HC Deb 11 March 1895 vol 31 cc757-9
MR. J. H. ROBERTS (Denbighshire, W.)

I beg to ask the Postmaster General—(1) whether he will state whether he has received a Petition from the inhabitants of the parish of Llanelidan, in the county of Denbigh, in reference to the delivery of letters in the parish; (2) whether he is aware there is no daily delivery in a large portion of the parish, and that this results in serious inconvenience to the locality in question; and (3) whether he will direct an inquiry into the circumstances of the case?


Inquiry is being made on this subject, and I hope very shortly to be able to arrive at a decision upon it.

SIR J. KINLOCH (Perth, E.)

I beg to ask the President of the Board of Agriculture if he has observed that, notwithstanding the great depression of agriculture in the United Kingdom, butter, cheese, and eggs to the value of nearly £23,000,000 sterling were imported last year from abroad, the imports of butter having increased from £11,985,190 in 1892, to £13,470,419 in 1894, the increase on butter from Denmark alone for the same period amounting to £1,000,000; whether he has considered any means of encouraging British agriculturists so to increase the production of home-made butter as to render unnecessary the large importation from foreign countries; whether the difficulty of distribution could be overcome by enabling farmers, under a cheap rate of postage, to send butter direct by parcel post to the customer; and, whether he will arrange with the Postmaster General to facilitate the forwarding of the butter under a special rate of 1d. per 17 ounces, so as to allow for the packing of one pound parcels?


It is the case, as my hon. Friend observes, that the value of the butter, cheese, and eggs imported into the United Kingdom last year was very nearly £23,000,000, and that as regards butter there was an increase of about £1,500,000 in 1894 as compared with 1892, nearly £1,000,000 being attributable to Denmark. I should be very glad indeed to do anything in my power to encourage the supply of these articles by home-producers, and I am glad to observe from reports which I have received that the largely increased attention now given to technical instruction in dairying is resulting in a distinct improvement of quality. The information we have been able to issue as to the systems in force in Denmark and elsewhere, has also, I trust, been of service to those concerned. With regard to the suggestion that special parcel-post rates should be allowed in the case of butter, I would say that the subject is one upon which both my predecessor and myself have been in communication with the Postmaster General, but there are serious difficulties—both practical and financial—in the way of any arrangement of the kind, as will be seen from the reply given by my right hon. Friend to the question of my hon. Friend, the Member for Leicester, on the 28th February.


I beg to ask the President of the Board of Trade if he can give the quantities of foreign oats and foreign barley imported into Ireland in 1892, 1893, and 1894; whether there has been an increase or decrease in the imports of those articles since the Budget Statement of last year; and, what were the average market prices of Irish-grown barley and of oats respectively in the months of May, August, and November, in 1893 and in 1894?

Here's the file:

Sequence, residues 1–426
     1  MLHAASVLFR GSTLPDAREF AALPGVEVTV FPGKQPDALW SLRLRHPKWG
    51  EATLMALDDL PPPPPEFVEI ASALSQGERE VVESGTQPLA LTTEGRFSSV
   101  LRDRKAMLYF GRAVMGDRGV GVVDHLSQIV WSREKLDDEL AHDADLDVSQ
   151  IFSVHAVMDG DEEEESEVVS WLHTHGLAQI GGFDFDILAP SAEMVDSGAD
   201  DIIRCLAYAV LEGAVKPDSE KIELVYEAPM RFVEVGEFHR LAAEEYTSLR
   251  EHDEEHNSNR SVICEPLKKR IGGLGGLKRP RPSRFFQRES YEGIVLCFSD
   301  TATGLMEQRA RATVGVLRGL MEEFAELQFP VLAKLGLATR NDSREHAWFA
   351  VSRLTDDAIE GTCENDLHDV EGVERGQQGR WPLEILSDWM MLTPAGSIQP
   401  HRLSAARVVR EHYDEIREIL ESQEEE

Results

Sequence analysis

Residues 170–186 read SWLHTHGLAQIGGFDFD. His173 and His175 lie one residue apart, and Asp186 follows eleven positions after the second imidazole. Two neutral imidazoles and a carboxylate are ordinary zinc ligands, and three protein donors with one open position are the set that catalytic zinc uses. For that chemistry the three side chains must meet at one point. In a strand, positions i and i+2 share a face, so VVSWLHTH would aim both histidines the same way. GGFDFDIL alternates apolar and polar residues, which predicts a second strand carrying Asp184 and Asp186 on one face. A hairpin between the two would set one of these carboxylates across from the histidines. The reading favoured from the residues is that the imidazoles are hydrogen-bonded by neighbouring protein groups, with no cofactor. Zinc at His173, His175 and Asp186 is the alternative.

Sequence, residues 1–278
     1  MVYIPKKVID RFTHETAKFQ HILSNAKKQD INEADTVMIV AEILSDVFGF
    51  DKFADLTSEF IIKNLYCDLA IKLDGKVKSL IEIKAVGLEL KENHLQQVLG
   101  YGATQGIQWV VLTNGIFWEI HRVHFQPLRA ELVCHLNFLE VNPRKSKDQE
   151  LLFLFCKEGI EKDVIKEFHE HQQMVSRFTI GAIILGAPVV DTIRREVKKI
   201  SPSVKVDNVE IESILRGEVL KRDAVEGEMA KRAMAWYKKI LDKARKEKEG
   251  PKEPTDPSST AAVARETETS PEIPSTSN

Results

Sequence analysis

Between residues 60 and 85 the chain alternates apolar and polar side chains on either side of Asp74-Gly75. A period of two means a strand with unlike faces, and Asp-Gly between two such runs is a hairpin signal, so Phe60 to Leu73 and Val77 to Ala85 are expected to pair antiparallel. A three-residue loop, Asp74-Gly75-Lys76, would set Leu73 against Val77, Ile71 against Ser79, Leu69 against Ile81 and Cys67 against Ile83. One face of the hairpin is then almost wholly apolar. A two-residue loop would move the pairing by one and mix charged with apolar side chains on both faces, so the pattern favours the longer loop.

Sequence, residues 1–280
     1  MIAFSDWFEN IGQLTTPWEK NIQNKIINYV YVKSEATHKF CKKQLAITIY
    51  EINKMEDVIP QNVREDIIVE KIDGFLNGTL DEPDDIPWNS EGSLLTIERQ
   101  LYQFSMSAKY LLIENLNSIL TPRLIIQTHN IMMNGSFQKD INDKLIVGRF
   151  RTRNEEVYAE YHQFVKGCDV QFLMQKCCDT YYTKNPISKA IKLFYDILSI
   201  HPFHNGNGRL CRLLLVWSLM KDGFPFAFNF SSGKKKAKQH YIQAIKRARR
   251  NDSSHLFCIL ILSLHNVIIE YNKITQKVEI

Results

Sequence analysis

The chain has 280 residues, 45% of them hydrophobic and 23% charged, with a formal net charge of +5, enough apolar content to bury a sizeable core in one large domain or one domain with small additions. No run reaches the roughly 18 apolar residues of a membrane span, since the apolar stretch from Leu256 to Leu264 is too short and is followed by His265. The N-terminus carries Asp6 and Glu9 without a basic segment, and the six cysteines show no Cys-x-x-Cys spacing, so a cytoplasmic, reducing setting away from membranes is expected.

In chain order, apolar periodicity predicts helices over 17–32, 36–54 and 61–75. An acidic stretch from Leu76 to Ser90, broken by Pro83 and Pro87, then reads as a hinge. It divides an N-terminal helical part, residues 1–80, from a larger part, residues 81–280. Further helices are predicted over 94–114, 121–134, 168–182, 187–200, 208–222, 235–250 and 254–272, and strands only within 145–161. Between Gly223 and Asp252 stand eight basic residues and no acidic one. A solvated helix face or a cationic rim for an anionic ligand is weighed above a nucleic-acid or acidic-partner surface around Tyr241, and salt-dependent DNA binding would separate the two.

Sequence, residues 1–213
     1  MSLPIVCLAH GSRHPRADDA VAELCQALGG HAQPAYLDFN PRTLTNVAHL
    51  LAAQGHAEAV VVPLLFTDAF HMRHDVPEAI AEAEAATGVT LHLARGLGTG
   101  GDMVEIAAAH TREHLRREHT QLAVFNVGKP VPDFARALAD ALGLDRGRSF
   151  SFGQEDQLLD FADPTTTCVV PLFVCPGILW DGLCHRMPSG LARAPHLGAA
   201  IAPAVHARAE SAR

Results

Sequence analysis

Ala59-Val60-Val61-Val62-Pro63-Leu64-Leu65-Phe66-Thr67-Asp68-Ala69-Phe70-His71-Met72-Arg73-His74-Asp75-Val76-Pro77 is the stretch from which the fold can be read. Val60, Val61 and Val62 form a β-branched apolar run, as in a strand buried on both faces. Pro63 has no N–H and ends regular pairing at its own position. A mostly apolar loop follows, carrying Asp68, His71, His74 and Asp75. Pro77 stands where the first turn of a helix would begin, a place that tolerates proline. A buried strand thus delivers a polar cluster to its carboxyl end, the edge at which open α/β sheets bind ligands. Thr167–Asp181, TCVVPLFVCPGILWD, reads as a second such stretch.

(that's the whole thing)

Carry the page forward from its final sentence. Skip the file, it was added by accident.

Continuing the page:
The quantities of oats and barley imported into Ireland direct from foreign countries in the last three years have been as follows:—

Year. Oats, cwts. Barley, cwls.
1892 15,105 796,156
1893 7,020 694,603
1894 23,100 1,334,349

The quantities of foreign oats and barley into that country (imported direct) in the 10 months ended the 28th February, 1895, as compared with the quantities imported in the 10 months ended the 28th February, 1894, have been as follows:—

Oats, ewts. Barley, ewts.
Ten months to February, 1894 7,020 741,916
Ten months to February, 1895 41,100 1,131,647

There has, consequently, been an increase in the imports of those articles into Ireland, since the Budget statement of last year, in the case of oats of 34,080 cwts., and in the case of barley of 389,731 cwts. With regard to the average market prices of Irish grain, barley and oats, the following have been the prices at the Dublin Corn Exchange per barrel of 16 stone as regards barley, and per barrel of 14 stone as regards oats:—

Barley. Oats.
1893. 1894. 1893. 1894.
May 11.9 14.9 12.6 12.0
August none returned 14.3 13.7 11.4
November 14.9 14.0 10.11 11.6

MR. A. F. JEFFREYS (Hants, Basingstoke)

I beg to ask the President of the Board of Trade how many bushels of maize, barley, and oats, respectively, were imported into the United Kingdom last year; and what is the annual cost to the country for making these Returns?


The December number of the Board of Trade Returns (page 16) shows the quantities in hundredweights of maize, barley, and oats, which were imported into the United Kingdom in 1894. Taking the weights per bushel of the several sorts of grain named to be 60 1bs. to the bushel of maize, 39 lbs. to the bushel of oats, and 50 lbs. to the bushel of barley, the following would be, approximately, the quantities expressed in bushels of maize, barley, and oats imported in 1894, viz.:—Maize, 66,014,747 bushels; barley, 69,987,420 bushels; oats, 43,017,229 bushels. If the hon. Member refers to the expense incurred in preparing the Returns of the articles mentioned in the Question, it does not seem possible to separate the cost incurred in respect thereof from that of preparing the Returns of Imports generally.